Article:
NUSA DUA, Indonesia (Reuters) – Jack Ma, executive chairman of China’s Alibaba Group Holding, said on Saturday he plans to open an institute to train thousands of tech entrepreneurs in Indonesia, where he is already an adviser to the government on e-commerce.
Alibaba Group co-founder and Executive Chairman Jack Ma gestures during a seminar at the International Monetary Fund – World Bank Annual Meeting 2018 in Nusa Dua, Bali, Indonesia, October 12, 2018. REUTERS/Johannes P. Christo
Ma did not say when the Jack Ma Institute of Entrepreneurs would launch, but said the aim was to train 1,000 tech leaders a year over the next 10 years.
“We’re giving a lot of opportunities for young Indonesian people to learn,” Ma told reporters after meeting Indonesian ministers on the sidelines of the International Monetary Fund and World Bank meetings being hosted by Indonesia.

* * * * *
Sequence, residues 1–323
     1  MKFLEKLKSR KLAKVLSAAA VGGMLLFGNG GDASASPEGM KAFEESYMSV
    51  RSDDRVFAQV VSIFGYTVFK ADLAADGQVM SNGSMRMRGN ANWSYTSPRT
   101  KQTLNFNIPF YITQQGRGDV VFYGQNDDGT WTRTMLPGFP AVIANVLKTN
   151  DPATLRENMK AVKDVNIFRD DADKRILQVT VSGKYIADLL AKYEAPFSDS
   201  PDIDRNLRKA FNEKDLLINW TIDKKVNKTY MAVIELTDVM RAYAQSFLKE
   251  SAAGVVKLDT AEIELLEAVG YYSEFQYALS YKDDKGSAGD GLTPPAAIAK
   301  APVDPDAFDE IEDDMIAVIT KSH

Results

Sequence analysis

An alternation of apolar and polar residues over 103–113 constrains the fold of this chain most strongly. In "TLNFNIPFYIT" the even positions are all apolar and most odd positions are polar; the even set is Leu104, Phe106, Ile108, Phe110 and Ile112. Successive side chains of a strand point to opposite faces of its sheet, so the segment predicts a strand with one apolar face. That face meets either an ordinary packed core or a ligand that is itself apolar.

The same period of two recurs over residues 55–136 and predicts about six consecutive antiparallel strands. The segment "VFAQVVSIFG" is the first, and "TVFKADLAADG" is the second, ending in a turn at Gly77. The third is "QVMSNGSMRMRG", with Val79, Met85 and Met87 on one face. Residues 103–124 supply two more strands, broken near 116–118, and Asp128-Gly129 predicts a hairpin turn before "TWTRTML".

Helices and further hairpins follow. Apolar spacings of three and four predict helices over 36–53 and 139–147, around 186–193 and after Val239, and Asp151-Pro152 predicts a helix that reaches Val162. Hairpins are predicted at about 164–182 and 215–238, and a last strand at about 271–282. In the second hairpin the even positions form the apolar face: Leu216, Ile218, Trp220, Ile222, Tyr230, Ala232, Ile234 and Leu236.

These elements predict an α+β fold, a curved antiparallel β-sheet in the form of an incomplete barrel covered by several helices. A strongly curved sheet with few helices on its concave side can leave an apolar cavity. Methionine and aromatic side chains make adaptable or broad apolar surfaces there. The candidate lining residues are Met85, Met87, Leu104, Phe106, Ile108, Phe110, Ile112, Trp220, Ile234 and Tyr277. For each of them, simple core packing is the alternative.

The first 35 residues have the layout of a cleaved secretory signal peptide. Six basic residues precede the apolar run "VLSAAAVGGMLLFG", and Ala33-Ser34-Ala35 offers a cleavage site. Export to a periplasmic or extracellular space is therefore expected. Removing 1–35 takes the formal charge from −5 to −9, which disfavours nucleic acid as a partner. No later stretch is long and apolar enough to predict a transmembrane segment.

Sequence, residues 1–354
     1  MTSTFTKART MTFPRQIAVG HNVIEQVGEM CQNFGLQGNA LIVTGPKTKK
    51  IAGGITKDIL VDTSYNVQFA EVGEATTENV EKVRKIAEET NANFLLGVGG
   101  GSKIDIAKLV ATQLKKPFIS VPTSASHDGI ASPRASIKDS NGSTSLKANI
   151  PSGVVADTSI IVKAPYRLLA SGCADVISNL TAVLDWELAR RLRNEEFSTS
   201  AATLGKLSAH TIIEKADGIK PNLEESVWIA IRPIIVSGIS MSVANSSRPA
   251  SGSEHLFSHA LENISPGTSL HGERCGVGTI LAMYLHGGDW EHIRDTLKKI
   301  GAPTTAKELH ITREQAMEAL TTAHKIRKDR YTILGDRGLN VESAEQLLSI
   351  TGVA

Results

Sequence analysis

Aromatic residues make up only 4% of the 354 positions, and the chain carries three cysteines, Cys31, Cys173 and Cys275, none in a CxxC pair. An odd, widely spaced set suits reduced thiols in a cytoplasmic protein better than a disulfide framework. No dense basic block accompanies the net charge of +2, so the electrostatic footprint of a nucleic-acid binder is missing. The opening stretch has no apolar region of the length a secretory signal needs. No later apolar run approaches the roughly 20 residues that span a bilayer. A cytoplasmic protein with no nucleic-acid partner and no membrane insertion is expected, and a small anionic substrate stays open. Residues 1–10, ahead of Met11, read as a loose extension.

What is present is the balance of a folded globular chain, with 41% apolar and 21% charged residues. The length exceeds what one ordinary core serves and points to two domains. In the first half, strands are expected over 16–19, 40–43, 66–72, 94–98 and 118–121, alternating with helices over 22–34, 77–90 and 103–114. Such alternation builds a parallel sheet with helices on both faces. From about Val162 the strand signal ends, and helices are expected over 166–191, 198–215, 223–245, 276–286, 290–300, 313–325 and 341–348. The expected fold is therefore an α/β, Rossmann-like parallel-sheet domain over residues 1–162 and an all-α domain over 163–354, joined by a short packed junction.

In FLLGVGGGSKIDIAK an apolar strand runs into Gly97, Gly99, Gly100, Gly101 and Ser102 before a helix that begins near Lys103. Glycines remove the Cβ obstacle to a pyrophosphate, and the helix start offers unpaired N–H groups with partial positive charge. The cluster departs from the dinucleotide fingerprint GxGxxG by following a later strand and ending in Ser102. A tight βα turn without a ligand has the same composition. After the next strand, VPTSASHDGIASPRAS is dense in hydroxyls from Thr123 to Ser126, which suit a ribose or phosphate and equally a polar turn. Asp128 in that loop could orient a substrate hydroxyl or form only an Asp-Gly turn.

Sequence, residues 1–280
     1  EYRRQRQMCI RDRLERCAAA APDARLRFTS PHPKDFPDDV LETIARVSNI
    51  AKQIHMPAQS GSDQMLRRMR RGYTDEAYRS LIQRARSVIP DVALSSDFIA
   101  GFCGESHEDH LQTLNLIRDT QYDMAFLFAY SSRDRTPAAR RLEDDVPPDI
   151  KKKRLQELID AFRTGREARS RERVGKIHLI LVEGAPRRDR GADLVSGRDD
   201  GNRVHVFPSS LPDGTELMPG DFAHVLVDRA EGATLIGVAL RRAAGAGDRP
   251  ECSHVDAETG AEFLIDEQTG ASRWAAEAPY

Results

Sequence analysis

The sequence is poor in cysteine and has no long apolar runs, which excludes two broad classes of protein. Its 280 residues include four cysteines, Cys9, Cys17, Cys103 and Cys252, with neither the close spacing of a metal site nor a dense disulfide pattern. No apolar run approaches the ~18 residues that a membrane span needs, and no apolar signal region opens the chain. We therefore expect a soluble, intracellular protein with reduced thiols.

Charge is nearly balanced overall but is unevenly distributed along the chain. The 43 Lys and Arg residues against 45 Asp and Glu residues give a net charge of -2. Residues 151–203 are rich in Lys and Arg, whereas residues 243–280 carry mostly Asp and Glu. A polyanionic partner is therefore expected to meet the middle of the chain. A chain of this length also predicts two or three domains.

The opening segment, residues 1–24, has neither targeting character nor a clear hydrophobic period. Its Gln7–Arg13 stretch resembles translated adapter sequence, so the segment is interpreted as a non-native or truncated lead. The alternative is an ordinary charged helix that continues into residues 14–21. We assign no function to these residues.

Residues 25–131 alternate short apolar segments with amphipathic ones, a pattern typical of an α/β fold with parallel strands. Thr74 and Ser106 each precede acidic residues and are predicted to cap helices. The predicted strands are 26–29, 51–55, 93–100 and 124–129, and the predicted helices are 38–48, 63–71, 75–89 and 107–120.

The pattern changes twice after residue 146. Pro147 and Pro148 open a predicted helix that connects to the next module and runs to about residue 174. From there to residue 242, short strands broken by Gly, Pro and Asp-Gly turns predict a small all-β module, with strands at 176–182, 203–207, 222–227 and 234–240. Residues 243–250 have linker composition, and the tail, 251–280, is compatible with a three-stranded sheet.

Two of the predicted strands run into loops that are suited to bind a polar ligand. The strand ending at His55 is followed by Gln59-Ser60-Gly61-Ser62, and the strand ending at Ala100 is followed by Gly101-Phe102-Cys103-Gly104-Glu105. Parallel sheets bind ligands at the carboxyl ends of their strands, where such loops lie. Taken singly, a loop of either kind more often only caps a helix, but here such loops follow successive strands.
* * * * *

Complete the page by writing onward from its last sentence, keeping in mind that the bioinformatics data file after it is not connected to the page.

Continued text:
The co-founder of Alibaba, China’s biggest e-commerce firm, said it is important for Indonesia to invest in human capital because “only when people improve, when people’s minds change, when people’s skills improve, then we can enter the digital period”.
Indonesia has a shortage of trained engineers in technology and the institute will also train hundreds of developers and engineers on cloud computing to help make Indonesian businesses more digital-savvy.
The country is a key market for Alibaba, whose cloud computing arm Alibaba Cloud launched a data center in Indonesia in March.
Ma said his company would continue to invest “not only on e-commerce, but also cloud computing, logistics and…infrastructure” in Indonesia, while also helping local businesses to grow.
Indonesian Communications Minister Rudiantara told Reuters in September that Indonesia was partnering with Ma to look into ways to harness Alibaba’s businesses to increase its exports, particularly to China.
McKinsey estimated in a report released on Aug. 30 that the value of Indonesia’s e-commerce market will surge to at least $55 billion (£42 billion) by 2022 from $8 billion in 2017.
On Friday, Ma told a panel discussion at the IMF and World Bank meetings that “the internet is designed for developing countries”, with “great opportunities in Africa” also.
Additional reporting by Ed Davies in NUSA DUA and Fanny Potkin in JAKARTA; Editing by Kenneth Maxwell